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BIBFRAME  November 2011

BIBFRAME November 2011

Subject:

Re: post-MARC design principles

From:

Ivan Herman <[log in to unmask]>

Reply-To:

Bibliographic Framework Transition Initiative Forum <[log in to unmask]>

Date:

Thu, 10 Nov 2011 17:53:04 +0100

Content-Type:

text/plain

Parts/Attachments:

Parts/Attachments

text/plain (39 lines)

On Nov 10, 2011, at 15:10 , Stephen Paul Davis wrote:

> Folks:
> 
> An important design feature for the next generation bibliographic framework will be "catalog code neutrality".  Discussons about "main entry, yes or no" should probably be left to the cataloging folks; the new framework should theoretically support any approach.
> 
> Attempting to restrict the new framework to a reduced element set will probably be a non-starter a) since Dublin Core already exists, and b) since each and every data element in MARC has been championed over time and declared vital by some group or other.  Rather than setting ourselves the task of winnowing up front, it would be wise to explore a data dictionary approach and a robust element relationship framing / grouping mechanism.   Within the new framework various interest groups should be free to define "profiles" (as has been the case, e.g., with METS, although ideally more persuasively) that represent different catalog codes, best practices, consortial agreements, etc.
> 
> BTW - I understand that W3C and others have recognized that the RDF triples approach in fact lacks two important parameters that will need to be defined before we go much further, namely namespace and provenance. So we'll  need "quintuples" instead of triples ;}  (I'd like to hear more about this from W3C.)  

Well, yes an no...

The RDF community and, more specifically, the RDF Working Group, has to come to grip with the notion of named graphs. Simply put, there should be a way to consider a set of triples and identify that set with a URI. Obviously, the devil is in the details and, in this case, this is a really nasty devil. But that is currently the main focus of the Working Group. I am not sure, but I have the impression that this is what you meant by 'namespaces'.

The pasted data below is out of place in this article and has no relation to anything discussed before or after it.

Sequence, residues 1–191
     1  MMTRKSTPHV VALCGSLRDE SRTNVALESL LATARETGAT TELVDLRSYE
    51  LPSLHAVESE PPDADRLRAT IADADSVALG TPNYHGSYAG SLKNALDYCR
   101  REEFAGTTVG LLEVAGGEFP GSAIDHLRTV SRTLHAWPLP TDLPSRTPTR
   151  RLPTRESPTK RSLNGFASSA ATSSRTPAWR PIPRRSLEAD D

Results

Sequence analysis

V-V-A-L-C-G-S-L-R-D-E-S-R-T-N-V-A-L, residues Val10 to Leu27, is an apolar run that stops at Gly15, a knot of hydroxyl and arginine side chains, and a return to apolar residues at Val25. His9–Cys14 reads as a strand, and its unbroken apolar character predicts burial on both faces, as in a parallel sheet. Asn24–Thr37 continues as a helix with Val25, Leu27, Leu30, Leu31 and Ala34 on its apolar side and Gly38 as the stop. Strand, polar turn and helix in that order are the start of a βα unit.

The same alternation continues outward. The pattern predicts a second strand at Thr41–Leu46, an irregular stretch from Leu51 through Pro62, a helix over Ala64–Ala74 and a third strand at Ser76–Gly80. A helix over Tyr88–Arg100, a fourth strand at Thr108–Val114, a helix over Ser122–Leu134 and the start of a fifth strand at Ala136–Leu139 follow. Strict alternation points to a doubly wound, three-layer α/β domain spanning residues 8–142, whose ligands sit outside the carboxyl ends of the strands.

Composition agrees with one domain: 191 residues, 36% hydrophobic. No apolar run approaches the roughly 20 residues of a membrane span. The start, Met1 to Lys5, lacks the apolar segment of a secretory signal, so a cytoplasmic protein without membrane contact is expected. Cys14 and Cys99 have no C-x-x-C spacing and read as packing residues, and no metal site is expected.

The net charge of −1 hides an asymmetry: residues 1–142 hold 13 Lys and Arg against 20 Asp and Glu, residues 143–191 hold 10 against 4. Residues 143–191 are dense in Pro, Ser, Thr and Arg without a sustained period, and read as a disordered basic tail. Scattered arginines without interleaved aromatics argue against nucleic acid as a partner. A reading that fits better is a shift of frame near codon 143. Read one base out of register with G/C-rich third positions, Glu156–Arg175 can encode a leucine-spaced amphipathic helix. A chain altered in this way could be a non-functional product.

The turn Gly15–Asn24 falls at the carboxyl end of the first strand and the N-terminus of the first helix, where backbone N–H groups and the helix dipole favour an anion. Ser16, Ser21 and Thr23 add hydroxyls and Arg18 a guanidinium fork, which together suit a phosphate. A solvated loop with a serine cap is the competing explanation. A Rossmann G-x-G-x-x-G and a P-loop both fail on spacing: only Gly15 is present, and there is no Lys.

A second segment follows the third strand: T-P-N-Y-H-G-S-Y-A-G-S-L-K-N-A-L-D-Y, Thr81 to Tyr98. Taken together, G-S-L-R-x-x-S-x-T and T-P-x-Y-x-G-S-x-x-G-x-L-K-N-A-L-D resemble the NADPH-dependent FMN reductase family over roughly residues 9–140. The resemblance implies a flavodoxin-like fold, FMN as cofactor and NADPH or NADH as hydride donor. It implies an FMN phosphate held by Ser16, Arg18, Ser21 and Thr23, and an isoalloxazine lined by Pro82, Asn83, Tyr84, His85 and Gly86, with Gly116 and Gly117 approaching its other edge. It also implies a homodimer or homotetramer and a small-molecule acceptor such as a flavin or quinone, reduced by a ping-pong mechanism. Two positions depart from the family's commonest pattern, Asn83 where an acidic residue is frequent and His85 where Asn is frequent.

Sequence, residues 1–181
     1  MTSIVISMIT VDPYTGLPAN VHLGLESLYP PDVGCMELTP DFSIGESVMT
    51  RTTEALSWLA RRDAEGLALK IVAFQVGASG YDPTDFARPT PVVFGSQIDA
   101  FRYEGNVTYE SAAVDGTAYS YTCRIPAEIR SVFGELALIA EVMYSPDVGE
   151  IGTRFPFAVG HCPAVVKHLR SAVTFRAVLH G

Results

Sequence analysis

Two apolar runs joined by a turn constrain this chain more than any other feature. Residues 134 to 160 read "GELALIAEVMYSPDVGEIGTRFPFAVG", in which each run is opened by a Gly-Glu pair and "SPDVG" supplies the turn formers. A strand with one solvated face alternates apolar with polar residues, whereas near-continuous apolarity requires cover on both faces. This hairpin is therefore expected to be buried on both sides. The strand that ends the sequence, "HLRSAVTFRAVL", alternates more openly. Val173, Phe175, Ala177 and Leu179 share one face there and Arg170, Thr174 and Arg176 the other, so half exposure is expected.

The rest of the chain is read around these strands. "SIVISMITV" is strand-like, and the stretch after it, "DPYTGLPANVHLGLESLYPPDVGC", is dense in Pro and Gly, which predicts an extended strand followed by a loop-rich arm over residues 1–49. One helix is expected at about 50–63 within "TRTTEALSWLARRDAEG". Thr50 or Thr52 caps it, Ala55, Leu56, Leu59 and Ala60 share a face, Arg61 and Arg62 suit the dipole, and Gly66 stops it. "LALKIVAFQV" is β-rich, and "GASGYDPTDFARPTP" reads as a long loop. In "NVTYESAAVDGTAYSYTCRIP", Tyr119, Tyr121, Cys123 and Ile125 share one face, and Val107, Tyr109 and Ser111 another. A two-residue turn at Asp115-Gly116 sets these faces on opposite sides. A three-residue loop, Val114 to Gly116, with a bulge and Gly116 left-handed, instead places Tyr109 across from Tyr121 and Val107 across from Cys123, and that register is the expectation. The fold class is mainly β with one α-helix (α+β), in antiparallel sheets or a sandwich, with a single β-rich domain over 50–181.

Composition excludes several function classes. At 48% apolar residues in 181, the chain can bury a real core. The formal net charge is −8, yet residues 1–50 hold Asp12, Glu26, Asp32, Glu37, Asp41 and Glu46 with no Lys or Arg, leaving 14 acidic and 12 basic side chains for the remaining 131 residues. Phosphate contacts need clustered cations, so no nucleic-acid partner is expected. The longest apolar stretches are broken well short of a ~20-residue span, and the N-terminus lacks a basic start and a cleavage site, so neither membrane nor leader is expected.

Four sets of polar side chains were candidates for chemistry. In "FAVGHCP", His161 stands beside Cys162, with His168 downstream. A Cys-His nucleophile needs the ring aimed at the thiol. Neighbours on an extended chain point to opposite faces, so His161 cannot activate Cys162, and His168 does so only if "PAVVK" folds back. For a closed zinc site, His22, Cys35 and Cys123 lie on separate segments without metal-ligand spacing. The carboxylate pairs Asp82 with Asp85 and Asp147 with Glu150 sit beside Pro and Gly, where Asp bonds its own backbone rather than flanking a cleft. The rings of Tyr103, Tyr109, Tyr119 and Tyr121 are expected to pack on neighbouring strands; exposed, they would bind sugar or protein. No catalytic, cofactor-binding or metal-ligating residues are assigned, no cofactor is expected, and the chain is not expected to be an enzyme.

Once this is somehow settled, the general framework can be used to attach, eg, provenance information to a graph. You need a vocabulary for that so that such provenance would be interoperable; there is a separate Working Group, called, surprisingly, the Provenance Working Group:-), doing just like that.

So we are not talking about quintuples. You can look at the named graphs as quads (that is the way many system implement them) but that is only an implementation detail for now. Once that is done, that URI for the set is the hook where you can add, for example, provenance...

Cheers

Ivan


> David Weinberger in his keynote at the recent DLF Forum expressed the view that the two most important innovations in our field recently are linked data and namespaces, the latter because, he believes, we can no longer impose single, broad-based schemas on the information world and must give in to the idea that we will increasingly and always have multiple, competing schemas and metadata standards.  The challenge then will be to build and maintain effective crosswalks.
> ___________________________________________
> Stephen Paul Davis
> Director, Libraries Digital Program
> Columbia University Libraries
> 535 W. 114th Street, New York, NY  10027
> email: [log in to unmask]  phone:  (212) 854-8584
> ___________________________________________


----
Ivan Herman, W3C Semantic Web Activity Lead
Home: http://www.w3.org/People/Ivan/
mobile: +31-641044153
FOAF: http://www.ivan-herman.net/foaf.rdf

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